Instructors are beginning to discover the medias attraction for students and application to the classroom. Assignments and simulations based on the show engage students and make the concepts memorable. Students learn to recognize economics principles and see their applicability and relevance in real-life scenarios.
|4:10 PM||Dan Hamermesh|
The Immanence and Eminence of Economics
Economics is everywhere-and making this clear to students convinces them that the subject is important in their own lives, whatever their fields of study. I go over examples from everyday life, my personal life, the movies and others to illustrate the basic concepts of microeconomics. The end result could be that the next generation of professors doesn't hear lines like, "Oh, I took economics in college, and it was the most boring thing I studied!
|5:00 PM||Jadrian Wooten|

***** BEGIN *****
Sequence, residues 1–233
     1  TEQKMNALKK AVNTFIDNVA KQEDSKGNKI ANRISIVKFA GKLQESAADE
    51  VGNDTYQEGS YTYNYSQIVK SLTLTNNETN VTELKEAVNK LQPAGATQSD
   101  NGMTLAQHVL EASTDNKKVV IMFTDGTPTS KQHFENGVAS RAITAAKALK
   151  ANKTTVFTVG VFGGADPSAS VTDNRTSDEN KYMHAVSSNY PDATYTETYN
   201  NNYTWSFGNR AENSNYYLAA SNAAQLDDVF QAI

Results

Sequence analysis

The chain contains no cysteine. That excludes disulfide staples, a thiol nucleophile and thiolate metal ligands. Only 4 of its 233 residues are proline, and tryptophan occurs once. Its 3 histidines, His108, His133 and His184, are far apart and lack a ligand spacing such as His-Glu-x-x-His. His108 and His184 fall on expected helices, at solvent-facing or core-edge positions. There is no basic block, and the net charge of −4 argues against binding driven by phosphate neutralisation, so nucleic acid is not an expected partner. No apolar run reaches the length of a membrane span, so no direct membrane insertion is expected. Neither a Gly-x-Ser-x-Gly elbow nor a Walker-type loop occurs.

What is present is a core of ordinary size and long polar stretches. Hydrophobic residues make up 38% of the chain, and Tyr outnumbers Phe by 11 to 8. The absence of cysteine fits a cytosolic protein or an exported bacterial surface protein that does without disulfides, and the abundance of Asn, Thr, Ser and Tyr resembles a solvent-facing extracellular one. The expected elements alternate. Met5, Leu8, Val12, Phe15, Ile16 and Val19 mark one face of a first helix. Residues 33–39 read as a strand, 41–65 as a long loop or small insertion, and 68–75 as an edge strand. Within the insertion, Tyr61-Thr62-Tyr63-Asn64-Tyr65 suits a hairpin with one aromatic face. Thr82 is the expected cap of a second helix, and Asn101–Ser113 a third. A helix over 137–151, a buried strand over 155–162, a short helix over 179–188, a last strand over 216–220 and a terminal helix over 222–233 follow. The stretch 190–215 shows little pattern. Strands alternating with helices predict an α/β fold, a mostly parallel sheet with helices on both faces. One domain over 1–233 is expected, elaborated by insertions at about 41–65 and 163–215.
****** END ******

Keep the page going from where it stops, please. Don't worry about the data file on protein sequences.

Staying Relevant While Teaching the Dismal Science
This talk will present more relevant (and applicable) topics for economics classes, including Uber, Airbnb, and Bitcoin. We'll also discuss low-cost methods of obtaining these examples.
|5:35 PM||Art Carden|
Leave Me Alone and I'll Make You Rich: How the Bourgeois Deal Creates Prosperity
There are five (literal) textbook institutional factors that cause societies to prosper: secure property rights, competitive and open markets, honest government, political stability, and a dependable legal system. The way we talk and the stories we tell also matter: these institutional factors create prosperity when we tolerate and even esteem the creative destroyers.
|6:10 PM||Alex Tabarrok|
Geography and the Deep Determinants of Economic Growth
Institutions are an important determinant of economic growth but they are not the only important determinant. I will argue that geography plays a role in economic growth both as an independent determinant and as a deep determinant of institutions.
|6:40 PM||End of day one||A cocktail reception will be held at the exhibitors' hall in the Foyer of the Aztec immediately following the talks|